The debate over reviving medical marijuana dispensaries in Michigan starts up again in Lansing this week.
A state Senate panel will hear public testimony on House Bill 4271, which would let communities decide whether to allow dispensaries and how to regulate them. It is also expected to take up House Bill 5104, which would allow patients to use edible and other non-smokable forms of cannabis.
The bills come in response to recent Michigan Supreme Court rulings that shut down marijuana distribution through dispensaries in the state and effectively outlawed any forms of medical cannabis other than smokable forms.
Supporters of the legislation say reviving and regulating dispensaries will ensure patients have safe and consistent access to treatment. And they say patients who are children or who suffer from respiratory illnesses should not have to smoke marijuana.
“This is about making sure that those people with cancer, AIDS, seizure disorders are getting medicine that is safe and clean and tested on a regular, consistent basis, so that they can do proper dosaging, so that their doctors know that they’re consuming a safe product,” said Robin Schneider with the National Patients Rights Association (NPRA), which advocates for medical marijuana patients and caregivers.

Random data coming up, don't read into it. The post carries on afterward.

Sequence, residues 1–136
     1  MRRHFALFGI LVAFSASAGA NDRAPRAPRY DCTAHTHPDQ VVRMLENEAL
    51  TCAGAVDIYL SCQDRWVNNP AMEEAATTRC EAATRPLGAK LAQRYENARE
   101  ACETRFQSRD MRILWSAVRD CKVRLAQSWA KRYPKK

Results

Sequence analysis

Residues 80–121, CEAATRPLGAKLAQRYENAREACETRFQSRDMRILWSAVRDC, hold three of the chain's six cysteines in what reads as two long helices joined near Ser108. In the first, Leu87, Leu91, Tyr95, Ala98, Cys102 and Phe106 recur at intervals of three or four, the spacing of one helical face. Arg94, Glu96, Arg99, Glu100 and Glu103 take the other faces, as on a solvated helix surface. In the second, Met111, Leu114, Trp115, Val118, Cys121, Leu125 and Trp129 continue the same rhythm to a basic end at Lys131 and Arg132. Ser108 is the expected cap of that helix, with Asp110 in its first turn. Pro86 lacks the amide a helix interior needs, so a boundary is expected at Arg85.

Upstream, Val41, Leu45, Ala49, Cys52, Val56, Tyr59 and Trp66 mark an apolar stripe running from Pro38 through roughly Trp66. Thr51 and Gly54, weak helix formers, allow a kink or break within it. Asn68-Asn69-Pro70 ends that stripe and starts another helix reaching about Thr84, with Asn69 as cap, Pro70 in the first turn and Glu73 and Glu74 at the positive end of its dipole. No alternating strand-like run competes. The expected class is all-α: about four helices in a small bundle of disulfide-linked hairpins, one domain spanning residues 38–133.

“I think that that’s why we’re seeing the broad bipartisan support, because this is not about bringing back the dispensaries,” said Schneider. “This is about regulating, very carefully, the distribution and making sure that patients have non-smokable marijuana so they’re not just smoking marijuana.”
Schneider says she believes support for the legislation is growing in the Senate.
Just last week, Sen. Rick Jones, R-Grand Ledge, said on the Senate floor that he has “no problem” with the concept of allowing state registered patients to use non-smokable forms of marijuana. Jones has been a consistent foe of medical marijuana advocates in recent years.
The bills cleared the state House late last year with overwhelming bipartisan support. But Senate Majority Leader Randy Richardville says he is concerned allowing medical marijuana dispensaries could lead to more pot getting in the hands of children.
Richardville chairs the committee that will be debating the legislation this week.